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- Rashes that look like broken blood vessels in the skin or bruises
- Liver enlargement
- Lymph node swelling
- Pale skin and eyes, along with other signs of anemia
- Skin infections
- Spleen enlargement
- Weight loss
- Abnormalities on examination of the retina
Testing is always needed to diagnose and monitor the status of chronic myelogenous leukemia.
Tests that may be used to evaluate chronic myelogenous leukemia may include:
- Coagulation profile
- Complete blood count
- Peripheral blood smear
- Usually shows abnormally high numbers of lymphocytes. The lymphocytes will also have an abnormal shape, size or character when viewed under a microscope.
- Bone marrow aspiration and biopsy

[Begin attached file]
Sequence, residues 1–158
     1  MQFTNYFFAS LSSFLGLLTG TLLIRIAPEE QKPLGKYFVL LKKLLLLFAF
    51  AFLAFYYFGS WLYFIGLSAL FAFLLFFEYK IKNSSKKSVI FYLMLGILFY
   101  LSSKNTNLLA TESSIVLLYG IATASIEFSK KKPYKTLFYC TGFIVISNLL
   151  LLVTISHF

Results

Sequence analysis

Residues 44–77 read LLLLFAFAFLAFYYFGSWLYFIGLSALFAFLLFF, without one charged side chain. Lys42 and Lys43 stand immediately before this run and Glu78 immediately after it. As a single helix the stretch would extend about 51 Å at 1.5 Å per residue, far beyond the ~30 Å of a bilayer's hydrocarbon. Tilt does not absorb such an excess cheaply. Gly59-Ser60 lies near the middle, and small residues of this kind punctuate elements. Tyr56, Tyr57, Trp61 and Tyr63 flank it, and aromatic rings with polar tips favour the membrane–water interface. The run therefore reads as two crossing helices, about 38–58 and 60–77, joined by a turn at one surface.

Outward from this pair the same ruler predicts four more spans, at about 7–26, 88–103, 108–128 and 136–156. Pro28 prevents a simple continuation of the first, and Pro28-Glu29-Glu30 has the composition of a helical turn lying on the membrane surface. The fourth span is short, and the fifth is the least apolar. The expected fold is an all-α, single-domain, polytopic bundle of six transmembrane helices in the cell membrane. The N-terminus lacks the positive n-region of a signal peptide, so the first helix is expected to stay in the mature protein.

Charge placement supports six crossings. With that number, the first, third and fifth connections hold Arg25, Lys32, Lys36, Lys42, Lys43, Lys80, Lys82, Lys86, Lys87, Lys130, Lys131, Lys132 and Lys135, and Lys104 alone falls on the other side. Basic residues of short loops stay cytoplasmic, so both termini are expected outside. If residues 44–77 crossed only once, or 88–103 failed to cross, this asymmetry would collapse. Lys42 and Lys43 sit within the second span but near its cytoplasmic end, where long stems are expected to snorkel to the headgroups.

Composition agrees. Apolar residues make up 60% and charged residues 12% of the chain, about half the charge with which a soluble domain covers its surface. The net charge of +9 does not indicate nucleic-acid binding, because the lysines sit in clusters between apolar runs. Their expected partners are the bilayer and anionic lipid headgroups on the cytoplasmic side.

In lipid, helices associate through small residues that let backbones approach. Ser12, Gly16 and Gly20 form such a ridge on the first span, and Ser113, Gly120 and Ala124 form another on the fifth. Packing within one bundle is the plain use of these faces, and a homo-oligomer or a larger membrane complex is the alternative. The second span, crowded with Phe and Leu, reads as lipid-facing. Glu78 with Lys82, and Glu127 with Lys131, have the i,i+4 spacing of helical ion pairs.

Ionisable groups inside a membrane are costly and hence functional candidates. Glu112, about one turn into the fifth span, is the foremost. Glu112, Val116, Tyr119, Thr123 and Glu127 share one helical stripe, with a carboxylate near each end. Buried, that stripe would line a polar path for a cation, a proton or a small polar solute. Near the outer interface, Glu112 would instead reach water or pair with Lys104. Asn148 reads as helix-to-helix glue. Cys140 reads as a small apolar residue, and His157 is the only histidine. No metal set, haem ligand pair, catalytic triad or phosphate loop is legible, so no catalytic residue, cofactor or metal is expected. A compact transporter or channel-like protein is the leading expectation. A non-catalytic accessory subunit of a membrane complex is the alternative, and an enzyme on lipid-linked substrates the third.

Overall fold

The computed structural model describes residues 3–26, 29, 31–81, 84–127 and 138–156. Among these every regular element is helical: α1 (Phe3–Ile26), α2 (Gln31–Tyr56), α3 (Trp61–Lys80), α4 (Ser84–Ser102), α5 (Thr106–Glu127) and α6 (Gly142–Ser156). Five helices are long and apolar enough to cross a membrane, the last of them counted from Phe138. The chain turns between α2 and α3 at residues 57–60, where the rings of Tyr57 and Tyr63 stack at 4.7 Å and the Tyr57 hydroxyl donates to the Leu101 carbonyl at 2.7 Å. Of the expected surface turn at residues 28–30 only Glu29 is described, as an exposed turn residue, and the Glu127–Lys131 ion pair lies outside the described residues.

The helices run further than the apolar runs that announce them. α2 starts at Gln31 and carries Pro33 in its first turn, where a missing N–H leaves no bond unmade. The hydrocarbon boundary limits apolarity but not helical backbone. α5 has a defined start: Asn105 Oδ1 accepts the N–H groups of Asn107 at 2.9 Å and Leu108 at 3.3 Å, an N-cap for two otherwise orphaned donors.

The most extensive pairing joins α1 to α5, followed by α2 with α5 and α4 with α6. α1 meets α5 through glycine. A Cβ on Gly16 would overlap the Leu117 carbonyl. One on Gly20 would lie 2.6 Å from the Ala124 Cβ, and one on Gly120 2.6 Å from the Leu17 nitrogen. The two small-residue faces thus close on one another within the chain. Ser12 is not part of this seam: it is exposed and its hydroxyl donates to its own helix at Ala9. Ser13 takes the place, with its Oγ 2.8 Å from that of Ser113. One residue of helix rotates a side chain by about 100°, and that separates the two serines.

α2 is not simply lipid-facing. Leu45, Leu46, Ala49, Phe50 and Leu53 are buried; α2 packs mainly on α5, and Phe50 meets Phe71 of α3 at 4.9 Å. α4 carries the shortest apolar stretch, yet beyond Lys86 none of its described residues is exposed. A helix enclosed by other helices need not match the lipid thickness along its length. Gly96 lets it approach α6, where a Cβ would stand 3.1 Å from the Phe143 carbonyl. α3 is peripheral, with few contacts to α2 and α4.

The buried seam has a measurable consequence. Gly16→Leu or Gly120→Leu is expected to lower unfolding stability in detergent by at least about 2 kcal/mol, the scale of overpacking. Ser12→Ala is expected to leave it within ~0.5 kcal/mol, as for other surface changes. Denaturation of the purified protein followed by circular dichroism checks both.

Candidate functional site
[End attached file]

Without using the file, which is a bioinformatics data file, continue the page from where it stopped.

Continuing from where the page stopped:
- Philadelphia chromosome analysis
- Detects abnormal DNA that may be present in leukemia
- A type of karyotype that is used to identify a chromosomal abnormality that is often associated with chronic myelogenous leukemia or CML. The analysis specifically looks for an exchange (translocation) of genetic material between chromosomes 9 and 22.
- Determines the type of abnormal lymphocyte
- Cytogenic analysis
- Detects DNA abnormalities in lymphocytes
- Detects CD5 and CD23 positive B cells
- Chest x-ray
Imaging tests for chronic myelogenous leukemia may include:
Continue to CML Treatment
PubMed CML References
- O'Brien S, Tefferi A, Valent P. Chronic myelogenous leukemia and myeloproliferative disease. Hematology (Am Soc Hematol Educ Program). 2004;:146-62. 
- Randolph TR. Chronic myelocytic leukemia--Part I: History, clinical presentation, and molecular biology. Clin Lab Sci. 2005 Winter;18(1):38-48. 
- Van Etten RA, Shannon KM. Focus on myeloproliferative diseases and myelodysplastic syndromes. Cancer Cell. 2004 Dec;6(6):547-52.